The news of the Lowmans’ deaths stirred a firestorm of state and national outrage.
In the early hours of Friday, October 8, 1926, Bertha, twenty-seven years old; Demon, twenty-one; and Clarence Lowman, fourteen (a brother and sister and their first cousin, respectively), were taken from their cells in the Aiken County jail, herded into several “fully loaded” vehicles, and driven to a pine thicket on the outskirts of Aiken, where, according to one account, one thousand persons and several hundred cars waited. The Lowmans were ordered out and shot down by a fusillade of bullets. Demon and Clarence died immediately, but Bertha did not. Charlton Wright, editor of the Columbia Record, conjured the grisly image of the woman “clinging to her wretched life, squirming and dragging herself like a broken worm through the bushes, until killed by a merciful bullet through her head.” “The negroes,” reported the Aiken Standard, “were not swung up. Their bodies fell where they stood.” According to the coroner, Clarence died from a gunshot blast under the chin, Demon from a .38 revolver shot to the breast, and Bertha from a .38 revolver shot through the left ear. Eyewitnesses said that Aiken County sheriff Nollie Robinson administered the deathblow to Bertha.
Prisoners quartered in the Aiken County jail that night later swore that the Lowmans were forcibly taken from their cells by Sheriff Robinson, his deputy Arthur D. Sheppard, the jailer Rupert Taylor, state constable J. Percy Hart, and local traffic officer John B. Salley. Robinson and Taylor claimed to have been overpowered and knocked unconscious in the jail by a mob that cut the town’s electrical line. The darkness, they said, rendered their ability to make identifications impossible.
Eighteen months before, on April 25, 1925, then Aiken County sheriff Henry Hampton Howard, accompanied by his deputies Robinson, Sheppard, and Robert E. McElhaney, had raided the Lowman household near Monetta in search of illegal liquor. Howard and Annie Lowman, the mother of Bertha and Demon, were killed in the incident. No whiskey was found, and no one witnessed Howard’s death, but Sam Lowman, the patriarch (who was not home at the time), received a two-year sentence of hard labor for prohibition violation, while Clarence and Demon were sentenced to death, and Bertha to life imprisonment. N. J. Frederick of Columbia, one of a few practicing black attorneys in South Carolina at that time, appealed the sentences of Clarence, Demon, and Bertha to the S.C. Supreme Court and won a retrial. On October 7, 1926, at the close of a third day of testimony, presiding judge Samuel T. Lanham of Spartanburg directed a verdict of not guilty for Demon Lowman. It was widely suspected that Bertha and Clarence might be acquitted the following day.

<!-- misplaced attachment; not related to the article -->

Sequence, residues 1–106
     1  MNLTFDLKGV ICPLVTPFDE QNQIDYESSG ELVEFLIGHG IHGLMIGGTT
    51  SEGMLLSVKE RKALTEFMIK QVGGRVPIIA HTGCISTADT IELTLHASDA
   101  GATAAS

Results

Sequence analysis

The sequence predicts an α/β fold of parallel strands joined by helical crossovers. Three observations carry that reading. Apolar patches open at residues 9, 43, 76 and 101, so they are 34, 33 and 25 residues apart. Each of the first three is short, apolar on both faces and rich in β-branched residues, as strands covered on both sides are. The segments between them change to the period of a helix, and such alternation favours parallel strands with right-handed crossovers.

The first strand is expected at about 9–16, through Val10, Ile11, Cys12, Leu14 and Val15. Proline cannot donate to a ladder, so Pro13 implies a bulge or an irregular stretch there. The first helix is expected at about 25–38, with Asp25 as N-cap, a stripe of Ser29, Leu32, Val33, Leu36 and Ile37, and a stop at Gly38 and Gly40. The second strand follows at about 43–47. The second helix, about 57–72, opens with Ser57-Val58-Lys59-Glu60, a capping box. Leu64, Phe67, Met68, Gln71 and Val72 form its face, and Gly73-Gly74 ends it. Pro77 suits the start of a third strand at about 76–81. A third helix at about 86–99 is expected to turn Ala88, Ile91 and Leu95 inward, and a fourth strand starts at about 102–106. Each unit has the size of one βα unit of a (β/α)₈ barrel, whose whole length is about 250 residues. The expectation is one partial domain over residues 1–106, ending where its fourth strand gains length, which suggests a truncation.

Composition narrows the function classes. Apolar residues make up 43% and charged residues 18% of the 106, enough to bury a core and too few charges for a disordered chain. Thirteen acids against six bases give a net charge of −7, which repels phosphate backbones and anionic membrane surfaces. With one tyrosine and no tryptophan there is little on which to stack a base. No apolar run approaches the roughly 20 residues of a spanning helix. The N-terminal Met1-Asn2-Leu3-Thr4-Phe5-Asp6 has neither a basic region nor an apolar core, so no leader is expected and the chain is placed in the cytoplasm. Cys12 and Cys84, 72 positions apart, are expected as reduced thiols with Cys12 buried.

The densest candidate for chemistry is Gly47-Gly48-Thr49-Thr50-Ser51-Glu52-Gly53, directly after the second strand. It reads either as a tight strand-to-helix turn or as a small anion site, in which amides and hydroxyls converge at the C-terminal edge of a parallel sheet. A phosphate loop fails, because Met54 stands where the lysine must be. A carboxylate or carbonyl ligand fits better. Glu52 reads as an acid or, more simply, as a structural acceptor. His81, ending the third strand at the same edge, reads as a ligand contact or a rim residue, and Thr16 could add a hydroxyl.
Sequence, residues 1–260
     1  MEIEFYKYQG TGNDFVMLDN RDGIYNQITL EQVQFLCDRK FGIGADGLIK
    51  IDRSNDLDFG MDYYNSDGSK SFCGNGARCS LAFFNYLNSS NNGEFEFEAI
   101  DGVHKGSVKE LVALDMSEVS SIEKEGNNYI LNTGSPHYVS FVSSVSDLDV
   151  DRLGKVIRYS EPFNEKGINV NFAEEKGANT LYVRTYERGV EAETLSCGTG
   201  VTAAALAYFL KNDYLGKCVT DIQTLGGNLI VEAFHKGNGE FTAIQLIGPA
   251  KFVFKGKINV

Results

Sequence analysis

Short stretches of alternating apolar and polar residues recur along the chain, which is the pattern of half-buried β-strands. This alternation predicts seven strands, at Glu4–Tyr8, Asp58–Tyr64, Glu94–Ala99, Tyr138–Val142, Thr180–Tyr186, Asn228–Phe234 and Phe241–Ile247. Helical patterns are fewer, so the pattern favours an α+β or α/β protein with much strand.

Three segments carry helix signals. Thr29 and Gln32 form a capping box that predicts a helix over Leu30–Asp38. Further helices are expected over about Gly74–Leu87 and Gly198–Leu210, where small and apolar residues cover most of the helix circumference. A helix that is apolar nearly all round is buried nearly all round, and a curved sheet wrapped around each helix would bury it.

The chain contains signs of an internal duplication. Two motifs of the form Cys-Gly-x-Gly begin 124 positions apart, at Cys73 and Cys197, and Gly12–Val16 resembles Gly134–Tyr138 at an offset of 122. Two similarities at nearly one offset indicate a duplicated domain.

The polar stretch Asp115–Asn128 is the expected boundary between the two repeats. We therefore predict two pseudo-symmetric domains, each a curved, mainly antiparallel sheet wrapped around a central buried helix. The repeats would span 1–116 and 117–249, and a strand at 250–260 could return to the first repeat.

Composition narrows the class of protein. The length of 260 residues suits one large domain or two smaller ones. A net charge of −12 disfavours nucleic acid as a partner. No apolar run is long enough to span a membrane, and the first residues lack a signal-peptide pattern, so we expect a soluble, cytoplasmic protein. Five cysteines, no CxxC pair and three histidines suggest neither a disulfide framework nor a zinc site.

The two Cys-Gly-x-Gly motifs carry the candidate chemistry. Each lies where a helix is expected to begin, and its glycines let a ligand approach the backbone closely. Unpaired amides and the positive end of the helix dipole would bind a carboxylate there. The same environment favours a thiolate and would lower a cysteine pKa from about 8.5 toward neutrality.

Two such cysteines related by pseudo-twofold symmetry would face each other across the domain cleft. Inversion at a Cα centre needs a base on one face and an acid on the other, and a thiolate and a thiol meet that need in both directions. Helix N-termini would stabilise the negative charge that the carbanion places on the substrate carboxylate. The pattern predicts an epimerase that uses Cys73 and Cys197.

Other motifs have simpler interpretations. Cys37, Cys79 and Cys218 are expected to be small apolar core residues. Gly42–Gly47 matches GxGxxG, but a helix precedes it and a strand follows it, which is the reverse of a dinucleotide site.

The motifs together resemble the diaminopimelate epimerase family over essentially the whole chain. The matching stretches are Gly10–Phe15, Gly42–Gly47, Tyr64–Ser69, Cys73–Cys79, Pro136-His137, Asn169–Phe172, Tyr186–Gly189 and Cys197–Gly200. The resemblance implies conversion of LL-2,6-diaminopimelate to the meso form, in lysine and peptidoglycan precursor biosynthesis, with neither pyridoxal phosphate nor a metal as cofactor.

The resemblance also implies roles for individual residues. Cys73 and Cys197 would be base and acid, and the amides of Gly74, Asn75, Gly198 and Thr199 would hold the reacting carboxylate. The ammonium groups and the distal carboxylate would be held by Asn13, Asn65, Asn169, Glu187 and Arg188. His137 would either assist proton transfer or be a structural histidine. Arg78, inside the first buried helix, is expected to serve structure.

The news of the Lowmans’ deaths stirred a firestorm of state and national outrage. Walter White, assistant secretary of the National Association for the Advancement of Colored People, went to Aiken posing as a New York newspaper reporter. There he gathered startling information from two white residents of the Horse Creek Valley, home to Howard, Robinson, and Sheppard, that implicated the officers as Klansmen and the lynching (and possibly the 1925 liquor raid) as an act of Ku Klux Klan retribution. White convinced Herbert Bayard Swope, editor of the influential New York World, to send his own investigative journalist to Aiken to ferret out the details. On November 5, 1926, Oliver H. P. Garrett began filing a long series of sensational front-page accounts that portrayed Aiken County– home to an anomalous population of cotton mill workers, winter colonists such as the Vanderbilts and Whitneys, and a black majority population of agricultural laborers– a corrupt community managed with a heavy dose of Klan brutality.
In spite of Garrett’s revelations, South Carolina governor Thomas G. McLeod and his successor, John G. Richards, chose not to remove Sheriff Robinson from his post, nor to call a special grand jury to hear the state’s corroborative evidence. The recalcitrance of Aiken’s white citizens was starkly manifest in the county grand jury’s refusals to indict anyone for the murders. The Lowmans, the jury insisted, met their deaths “at the hands of parties unknown.”
Johnson, James Weldon. “Three Achievements and Their Significance.” Crisis 34 (September 1927): 222–23.
White, Walter. “I Investigate Lynchings.” American Mercury 16 (January 1929): 77–84.